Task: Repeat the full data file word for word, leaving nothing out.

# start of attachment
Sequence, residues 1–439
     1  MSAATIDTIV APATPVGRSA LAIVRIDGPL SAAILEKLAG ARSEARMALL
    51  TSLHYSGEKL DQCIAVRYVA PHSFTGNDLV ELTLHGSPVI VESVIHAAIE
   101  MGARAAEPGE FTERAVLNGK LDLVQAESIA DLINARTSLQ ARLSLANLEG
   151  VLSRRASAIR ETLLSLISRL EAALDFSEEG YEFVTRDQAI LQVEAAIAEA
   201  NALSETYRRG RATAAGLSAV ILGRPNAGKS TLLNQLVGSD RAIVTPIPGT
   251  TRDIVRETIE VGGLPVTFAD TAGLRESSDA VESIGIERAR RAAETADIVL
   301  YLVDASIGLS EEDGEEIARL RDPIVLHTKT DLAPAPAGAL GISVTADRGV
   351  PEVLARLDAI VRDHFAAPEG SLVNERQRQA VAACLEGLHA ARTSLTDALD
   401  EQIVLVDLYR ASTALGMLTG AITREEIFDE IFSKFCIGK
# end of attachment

Sequence, residues 1–439
     1  MSAATIDTIV APATPVGRSA LAIVRIDGPL SAAILEKLAG ARSEARMALL
    51  TSLHYSGEKL DQCIAVRYVA PHSFTGNDLV ELTLHGSPVI VESVIHAAIE
   101  MGARAAEPGE FTERAVLNGK LDLVQAESIA DLINARTSLQ ARLSLANLEG
   151  VLSRRASAIR ETLLSLISRL EAALDFSEEG YEFVTRDQAI LQVEAAIAEA
   201  NALSETYRRG RATAAGLSAV ILGRPNAGKS TLLNQLVGSD RAIVTPIPGT
   251  TRDIVRETIE VGGLPVTFAD TAGLRESSDA VESIGIERAR RAAETADIVL
   301  YLVDASIGLS EEDGEEIARL RDPIVLHTKT DLAPAPAGAL GISVTADRGV
   351  PEVLARLDAI VRDHFAAPEG SLVNERQRQA VAACLEGLHA ARTSLTDALD
   401  EQIVLVDLYR ASTALGMLTG AITREEIFDE IFSKFCIGK